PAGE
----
Good morning everyone:
Is God good? How do you know? Has someone ever challenged His goodness by asking you, “How could a good God allow terrorists to kill dozens of innocent people and strike fear into the hearts of millions more? Or how could a good God look the other way when people are treated unfairly and blatantly taken advantage of?” Have you ever wondered yourself about God’s goodness when you or a loved one has been seriously ill or when life has been a struggle for some other reason? Where is His goodness then?
How can we be sure God is truly good? He tells us in His inerrant Word. “God is love” (1 Jn. 4:8). “Give thanks to the LORD, for he is good” (Ps. 136:1). He is the ultimate “good.” The problem is not with God’s goodness, but with our definition of what is good. We often assume that “good” is all that is easy and painless at the moment. From that perspective, being confronted with our guilt and dealing with hardships in life are not good. We need to watch out for blaming God for what’s wrong in the world. God didn’t bring sin and death into the creation. Man did.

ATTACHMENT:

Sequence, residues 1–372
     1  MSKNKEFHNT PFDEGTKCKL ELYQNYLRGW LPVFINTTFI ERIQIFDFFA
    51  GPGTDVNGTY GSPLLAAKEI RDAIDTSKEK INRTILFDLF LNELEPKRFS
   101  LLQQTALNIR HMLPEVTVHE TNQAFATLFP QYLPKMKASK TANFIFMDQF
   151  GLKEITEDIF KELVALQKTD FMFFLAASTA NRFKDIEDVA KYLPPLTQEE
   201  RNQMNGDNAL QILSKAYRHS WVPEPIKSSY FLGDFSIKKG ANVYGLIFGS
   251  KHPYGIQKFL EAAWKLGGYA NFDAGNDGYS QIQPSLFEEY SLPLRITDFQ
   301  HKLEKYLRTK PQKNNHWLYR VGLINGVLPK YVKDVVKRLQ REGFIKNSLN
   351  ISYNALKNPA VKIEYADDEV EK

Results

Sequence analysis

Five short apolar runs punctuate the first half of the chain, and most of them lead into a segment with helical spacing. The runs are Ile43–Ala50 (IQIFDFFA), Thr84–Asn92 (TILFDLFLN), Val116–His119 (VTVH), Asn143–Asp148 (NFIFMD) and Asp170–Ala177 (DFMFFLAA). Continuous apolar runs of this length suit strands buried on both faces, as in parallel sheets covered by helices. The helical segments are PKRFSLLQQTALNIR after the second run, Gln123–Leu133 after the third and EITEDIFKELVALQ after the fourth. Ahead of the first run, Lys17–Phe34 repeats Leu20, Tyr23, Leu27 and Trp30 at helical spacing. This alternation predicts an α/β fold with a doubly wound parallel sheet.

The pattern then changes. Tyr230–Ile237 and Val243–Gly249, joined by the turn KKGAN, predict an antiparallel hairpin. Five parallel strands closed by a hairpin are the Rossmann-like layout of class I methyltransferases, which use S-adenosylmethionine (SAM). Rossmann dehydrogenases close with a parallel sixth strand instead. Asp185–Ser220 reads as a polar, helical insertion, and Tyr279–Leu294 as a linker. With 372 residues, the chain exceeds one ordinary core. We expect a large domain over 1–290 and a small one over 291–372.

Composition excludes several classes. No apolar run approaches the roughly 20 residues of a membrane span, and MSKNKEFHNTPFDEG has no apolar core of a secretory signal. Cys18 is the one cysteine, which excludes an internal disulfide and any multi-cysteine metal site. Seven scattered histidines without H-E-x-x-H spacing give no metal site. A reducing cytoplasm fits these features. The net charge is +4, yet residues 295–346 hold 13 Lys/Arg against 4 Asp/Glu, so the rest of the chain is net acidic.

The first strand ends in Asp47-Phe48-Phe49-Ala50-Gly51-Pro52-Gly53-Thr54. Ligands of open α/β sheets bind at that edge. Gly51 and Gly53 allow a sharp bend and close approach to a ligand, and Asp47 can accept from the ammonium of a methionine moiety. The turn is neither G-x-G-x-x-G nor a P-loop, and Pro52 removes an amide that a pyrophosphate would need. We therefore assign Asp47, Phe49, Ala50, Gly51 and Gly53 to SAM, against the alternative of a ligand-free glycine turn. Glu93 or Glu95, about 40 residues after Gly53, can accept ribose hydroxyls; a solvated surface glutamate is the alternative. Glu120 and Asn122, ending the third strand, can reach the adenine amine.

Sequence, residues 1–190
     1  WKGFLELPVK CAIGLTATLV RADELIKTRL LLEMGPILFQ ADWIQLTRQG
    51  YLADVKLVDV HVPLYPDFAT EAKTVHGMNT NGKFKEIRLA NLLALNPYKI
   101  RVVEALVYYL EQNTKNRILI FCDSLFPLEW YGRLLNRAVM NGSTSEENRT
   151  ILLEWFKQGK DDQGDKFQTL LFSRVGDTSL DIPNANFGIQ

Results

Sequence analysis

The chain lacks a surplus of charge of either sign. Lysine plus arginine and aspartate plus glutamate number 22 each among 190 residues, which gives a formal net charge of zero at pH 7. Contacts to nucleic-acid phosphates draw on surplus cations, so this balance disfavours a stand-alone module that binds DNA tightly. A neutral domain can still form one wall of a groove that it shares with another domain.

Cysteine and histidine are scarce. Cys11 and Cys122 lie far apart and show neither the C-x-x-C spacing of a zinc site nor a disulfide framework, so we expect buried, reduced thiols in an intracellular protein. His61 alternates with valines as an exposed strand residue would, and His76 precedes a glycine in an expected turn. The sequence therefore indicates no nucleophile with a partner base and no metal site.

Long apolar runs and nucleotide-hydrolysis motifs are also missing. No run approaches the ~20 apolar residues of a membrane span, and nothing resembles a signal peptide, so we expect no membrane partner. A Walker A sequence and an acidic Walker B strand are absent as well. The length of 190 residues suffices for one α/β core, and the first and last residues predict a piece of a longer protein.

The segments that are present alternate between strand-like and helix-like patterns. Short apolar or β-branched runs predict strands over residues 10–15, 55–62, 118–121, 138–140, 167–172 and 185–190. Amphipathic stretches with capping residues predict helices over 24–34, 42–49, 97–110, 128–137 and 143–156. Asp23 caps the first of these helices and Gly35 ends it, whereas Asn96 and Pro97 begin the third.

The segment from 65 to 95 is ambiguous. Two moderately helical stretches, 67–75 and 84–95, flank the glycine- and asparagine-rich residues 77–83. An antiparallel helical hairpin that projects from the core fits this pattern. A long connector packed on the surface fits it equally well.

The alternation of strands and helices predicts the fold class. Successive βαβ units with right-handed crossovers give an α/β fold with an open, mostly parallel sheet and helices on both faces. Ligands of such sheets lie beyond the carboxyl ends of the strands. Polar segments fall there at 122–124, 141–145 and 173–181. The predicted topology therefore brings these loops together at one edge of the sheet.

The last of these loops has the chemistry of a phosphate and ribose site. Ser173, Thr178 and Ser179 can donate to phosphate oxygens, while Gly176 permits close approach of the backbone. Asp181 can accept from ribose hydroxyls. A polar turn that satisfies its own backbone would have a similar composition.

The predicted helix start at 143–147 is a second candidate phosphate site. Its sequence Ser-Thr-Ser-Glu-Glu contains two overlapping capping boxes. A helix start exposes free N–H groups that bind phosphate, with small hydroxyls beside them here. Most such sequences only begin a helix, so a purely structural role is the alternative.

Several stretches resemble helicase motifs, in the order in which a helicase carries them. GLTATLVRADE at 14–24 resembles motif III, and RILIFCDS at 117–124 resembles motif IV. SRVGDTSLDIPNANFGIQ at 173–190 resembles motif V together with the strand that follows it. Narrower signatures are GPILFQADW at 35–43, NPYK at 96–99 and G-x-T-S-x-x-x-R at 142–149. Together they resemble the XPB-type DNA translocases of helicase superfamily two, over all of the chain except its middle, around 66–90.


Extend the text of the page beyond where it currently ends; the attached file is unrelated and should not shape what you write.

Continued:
God doesn’t merely say He is good, He put His goodness into action in sending Jesus to face sin and death head-on and win the victory for all people. “This is how God showed his love among us: He sent his one and only Son into the world that we might live through him” (1 Jn. 4:9). How can we question God’s goodness when He punished His holy Son for our sins?
God is good and because He is good, He is not going to always direct our lives as we might like. He is not always going to make things easy and painless. But He will in all things act in love with our eternal wellbeing foremost in mind.
God is good. Trust Him when He tells you that. When things are going well, thank Him for His obvious goodness. When there are difficulties, rely on that same goodness, even though it is not immediately evident. When it’s hard to see the goodness, go back to the cross where Jesus died for you. Remember what Paul says: “He who did not spare his own Son, but gave him up for us all—how will he not also, along with him, graciously give us all things?” (Rom. 8:32).
Tomorrow’s sermon text (Hab. 1:1-4; 2:1-4), though written thousands of years ago, is just as relevant today as it was for the people of Judah. In it the Lord urges us not to doubt His goodness, but to stand firm on His promises of help and blessing.
The Lord’s Supper will be celebrated in both services. The adult Bible class will continue its discussion of Christian parenting.